There is a huge amount of activity in the tech sector surrounding the development and deployment of self-driving vehicles. New startups seem to appear on a nearly weekly basis that have to perform for investors. Traditional truck makers are putting money into autonomous R&D, as well, and partnering with some of the tech companies.
None of those companies is claiming it is ready today, but some have said they will have driverless trucks on the road by next year.
That worries some people.
“There’s no company that’s got this worked out,” says self-described techno-realist and Duke University Robotics and Artificial Intelligence professor Mary “Missy” Cummings. “Using machine learning, deep learning, to actually power intelligence that can operate in generalizable domains is just fantasy right now.”
Cummings, who works with this technology every day, says there are millions of situations with slightly different presentations that could confuse the driverless car or truck. For example, “A stop sign with a half-inch of snow on it does not look the same to an autonomous vehicle as a regular stop sign. A stop sign with three-quarters of an inch of snow is totally different than a stop sign and a half-inch of snow, or a stop sign with no snow,” she says. “Slight variations in the environment can really confuse the vision systems and cause the artificial intelligence to fail.”
We don’t hear about the failures the autonomous truck developers experience. To be fair, there have been only a few reportable crashes involving autonomous trucks to date (and they have all had safety drivers behind the wheel). Most have been fender-benders that the truck was involved in, not the cause of.
That said, we do not have a bar or a line in the sand that provides an indication of when these trucks could be deemed “safe enough” to operate on public highways without safety drivers.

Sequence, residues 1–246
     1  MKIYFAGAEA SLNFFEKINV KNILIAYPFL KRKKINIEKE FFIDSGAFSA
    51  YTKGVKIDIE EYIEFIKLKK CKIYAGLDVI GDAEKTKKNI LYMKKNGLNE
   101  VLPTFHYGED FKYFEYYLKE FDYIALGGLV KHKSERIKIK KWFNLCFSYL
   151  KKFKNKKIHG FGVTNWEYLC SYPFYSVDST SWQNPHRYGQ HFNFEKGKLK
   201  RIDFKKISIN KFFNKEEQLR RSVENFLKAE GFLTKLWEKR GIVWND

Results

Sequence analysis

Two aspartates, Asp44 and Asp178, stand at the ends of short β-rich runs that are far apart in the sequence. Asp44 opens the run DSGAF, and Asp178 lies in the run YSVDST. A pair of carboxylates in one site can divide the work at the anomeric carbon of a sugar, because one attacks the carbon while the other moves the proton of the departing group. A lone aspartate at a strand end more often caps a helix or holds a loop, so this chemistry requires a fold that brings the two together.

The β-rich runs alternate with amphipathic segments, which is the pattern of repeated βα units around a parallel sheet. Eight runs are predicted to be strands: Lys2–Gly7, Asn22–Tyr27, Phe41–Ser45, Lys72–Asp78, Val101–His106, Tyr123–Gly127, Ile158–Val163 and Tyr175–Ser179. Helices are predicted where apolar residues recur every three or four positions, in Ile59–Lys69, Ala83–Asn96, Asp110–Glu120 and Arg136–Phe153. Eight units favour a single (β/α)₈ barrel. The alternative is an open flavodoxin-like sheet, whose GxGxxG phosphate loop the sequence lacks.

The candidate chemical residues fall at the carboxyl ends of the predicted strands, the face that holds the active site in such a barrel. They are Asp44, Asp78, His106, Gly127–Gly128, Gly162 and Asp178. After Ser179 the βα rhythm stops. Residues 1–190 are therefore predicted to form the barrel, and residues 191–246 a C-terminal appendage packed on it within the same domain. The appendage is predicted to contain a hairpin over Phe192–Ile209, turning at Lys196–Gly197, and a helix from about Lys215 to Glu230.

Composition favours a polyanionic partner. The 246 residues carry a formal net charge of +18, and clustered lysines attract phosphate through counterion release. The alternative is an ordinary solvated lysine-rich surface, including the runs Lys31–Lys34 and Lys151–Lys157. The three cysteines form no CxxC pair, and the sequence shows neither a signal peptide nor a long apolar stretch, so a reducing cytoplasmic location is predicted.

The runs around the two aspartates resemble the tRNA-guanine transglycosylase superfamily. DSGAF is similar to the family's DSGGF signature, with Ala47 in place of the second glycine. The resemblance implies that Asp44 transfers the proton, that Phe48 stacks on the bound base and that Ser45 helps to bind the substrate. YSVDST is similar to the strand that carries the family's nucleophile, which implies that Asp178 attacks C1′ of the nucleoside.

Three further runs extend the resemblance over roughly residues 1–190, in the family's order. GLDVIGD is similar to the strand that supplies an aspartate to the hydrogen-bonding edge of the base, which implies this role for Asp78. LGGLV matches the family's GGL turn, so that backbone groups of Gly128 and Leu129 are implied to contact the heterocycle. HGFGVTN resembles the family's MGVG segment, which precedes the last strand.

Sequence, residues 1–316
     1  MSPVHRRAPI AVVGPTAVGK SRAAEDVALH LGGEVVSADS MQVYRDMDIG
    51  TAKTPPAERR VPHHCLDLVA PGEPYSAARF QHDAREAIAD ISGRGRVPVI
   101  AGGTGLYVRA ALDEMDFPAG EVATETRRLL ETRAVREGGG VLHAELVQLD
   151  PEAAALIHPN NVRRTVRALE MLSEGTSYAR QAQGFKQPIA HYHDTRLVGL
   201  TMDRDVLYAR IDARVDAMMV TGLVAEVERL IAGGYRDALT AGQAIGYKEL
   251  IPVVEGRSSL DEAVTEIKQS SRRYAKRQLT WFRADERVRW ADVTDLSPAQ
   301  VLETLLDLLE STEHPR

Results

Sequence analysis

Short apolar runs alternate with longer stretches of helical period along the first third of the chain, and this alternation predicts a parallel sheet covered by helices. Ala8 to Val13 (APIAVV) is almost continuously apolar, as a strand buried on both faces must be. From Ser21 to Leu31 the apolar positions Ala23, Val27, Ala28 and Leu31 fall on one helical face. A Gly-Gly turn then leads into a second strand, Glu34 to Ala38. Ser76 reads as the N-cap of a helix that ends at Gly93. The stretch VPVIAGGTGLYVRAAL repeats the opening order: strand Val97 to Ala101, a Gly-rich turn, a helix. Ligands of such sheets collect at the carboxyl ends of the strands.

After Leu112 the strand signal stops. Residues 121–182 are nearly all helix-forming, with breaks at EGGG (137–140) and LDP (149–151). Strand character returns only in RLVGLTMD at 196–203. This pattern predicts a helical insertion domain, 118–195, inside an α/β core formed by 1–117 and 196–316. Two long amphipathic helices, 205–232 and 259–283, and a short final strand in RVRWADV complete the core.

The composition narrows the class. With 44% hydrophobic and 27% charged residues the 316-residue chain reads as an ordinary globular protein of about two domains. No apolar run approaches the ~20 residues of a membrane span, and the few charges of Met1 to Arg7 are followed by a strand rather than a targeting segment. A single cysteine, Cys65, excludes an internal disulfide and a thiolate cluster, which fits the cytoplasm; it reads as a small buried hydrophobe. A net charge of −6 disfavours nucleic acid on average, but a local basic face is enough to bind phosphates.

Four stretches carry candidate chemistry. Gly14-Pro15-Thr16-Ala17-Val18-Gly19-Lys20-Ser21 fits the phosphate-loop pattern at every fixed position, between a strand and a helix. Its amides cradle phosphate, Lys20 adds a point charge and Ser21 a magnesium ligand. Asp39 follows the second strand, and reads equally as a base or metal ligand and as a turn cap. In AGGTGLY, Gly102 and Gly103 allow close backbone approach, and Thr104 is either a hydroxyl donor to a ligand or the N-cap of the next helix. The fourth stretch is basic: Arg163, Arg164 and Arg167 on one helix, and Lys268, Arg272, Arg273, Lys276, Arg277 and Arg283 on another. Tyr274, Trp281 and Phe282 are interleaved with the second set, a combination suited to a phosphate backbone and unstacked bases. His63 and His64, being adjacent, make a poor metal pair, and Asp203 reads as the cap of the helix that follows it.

“There are a lot of different [key performance indicators] and metrics that have been promoted in the self-driving space, but I will tell you that I’m not a big believer in number-of-miles-driven nor miles-driven-per-disengagement,” says Michael Fleming, CEO of Torc Robotics, which is collaborating with Daimler Trucks on autonomous truck development. “We’re taking the approach here of not making promises that self-driving trucks will be commercially available in one year. Because as someone who has been in the space for 15 years, I’ll tell you very frankly, that that will not happen or will not happen in a safe fashion.”
Cummings believes these companies will make progress toward safe driverless cars and trucks, but she worries that each of them will make more mistakes than they would if they pooled their resources.
“I have long called for the companies to collaborate, because I think the problem is still so big and so vast that each individual company cannot solve this problem on their own,” she says. “But if they work together, they could make a lot more progress.”
That, however, is not what drives shareholder value.
There is increasing collaboration between truck makers and AI-driven companies. For instance, Torc has a long-term position with its OEM partner, Daimler. Torc is developing its virtual driver with Daimler, not just bolting it on.
“In my opinion, that is not commercially viable,” says Fleming. “Daimler is in the process of reinventing the truck to be self-driving. You have to look at this as a complete [intellectual property] product stack. That includes the reinvented truck, the hardware, and the virtual driver. And by optimizing that entire IP product stack, you can bring to market a cost-effective, safe product that creates value for Daimler’s customers. We’re focused on the product as opposed to headlines.”
This article originally appeared in the March print edition of Heavy Duty Trucking as a sidebar to the cover story “Building an Autonomous Truck Driver.’